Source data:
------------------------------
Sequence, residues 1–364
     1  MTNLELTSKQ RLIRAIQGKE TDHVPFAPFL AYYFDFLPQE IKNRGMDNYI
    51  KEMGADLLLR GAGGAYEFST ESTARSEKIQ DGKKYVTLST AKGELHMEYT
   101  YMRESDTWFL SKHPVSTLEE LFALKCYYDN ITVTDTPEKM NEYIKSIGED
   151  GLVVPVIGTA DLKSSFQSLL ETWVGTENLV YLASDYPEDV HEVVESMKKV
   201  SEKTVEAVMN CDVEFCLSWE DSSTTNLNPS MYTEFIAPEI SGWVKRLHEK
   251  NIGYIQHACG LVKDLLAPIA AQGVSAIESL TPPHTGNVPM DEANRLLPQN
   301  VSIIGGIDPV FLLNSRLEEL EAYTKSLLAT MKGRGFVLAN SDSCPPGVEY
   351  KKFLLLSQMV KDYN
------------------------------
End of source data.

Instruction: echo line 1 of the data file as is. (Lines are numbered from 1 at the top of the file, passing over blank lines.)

Sequence, residues 1–364